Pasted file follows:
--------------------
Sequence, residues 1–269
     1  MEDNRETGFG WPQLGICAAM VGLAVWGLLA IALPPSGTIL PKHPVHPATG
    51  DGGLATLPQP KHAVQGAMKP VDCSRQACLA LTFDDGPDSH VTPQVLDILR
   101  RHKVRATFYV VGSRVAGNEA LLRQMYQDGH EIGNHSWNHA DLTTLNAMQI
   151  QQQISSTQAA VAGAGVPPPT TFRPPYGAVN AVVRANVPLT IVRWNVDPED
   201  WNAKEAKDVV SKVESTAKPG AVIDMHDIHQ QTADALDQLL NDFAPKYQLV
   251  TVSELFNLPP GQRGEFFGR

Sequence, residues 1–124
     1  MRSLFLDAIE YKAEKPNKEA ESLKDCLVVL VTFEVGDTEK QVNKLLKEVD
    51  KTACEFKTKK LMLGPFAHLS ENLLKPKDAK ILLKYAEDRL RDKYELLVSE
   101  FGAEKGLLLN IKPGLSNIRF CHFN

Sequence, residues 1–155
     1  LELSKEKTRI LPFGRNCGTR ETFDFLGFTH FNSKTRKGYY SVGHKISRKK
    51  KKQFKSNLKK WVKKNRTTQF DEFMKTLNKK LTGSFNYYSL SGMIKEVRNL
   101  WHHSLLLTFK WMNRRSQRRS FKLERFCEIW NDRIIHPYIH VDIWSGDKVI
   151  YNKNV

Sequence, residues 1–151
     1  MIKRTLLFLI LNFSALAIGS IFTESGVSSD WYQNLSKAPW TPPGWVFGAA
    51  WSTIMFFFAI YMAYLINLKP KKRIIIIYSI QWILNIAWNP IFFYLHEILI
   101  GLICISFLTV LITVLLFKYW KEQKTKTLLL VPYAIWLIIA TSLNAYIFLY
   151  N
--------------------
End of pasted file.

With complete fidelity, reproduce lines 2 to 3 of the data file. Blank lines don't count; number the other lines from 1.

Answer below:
     1  MEDNRETGFG WPQLGICAAM VGLAVWGLLA IALPPSGTIL PKHPVHPATG
    51  DGGLATLPQP KHAVQGAMKP VDCSRQACLA LTFDDGPDSH VTPQVLDILR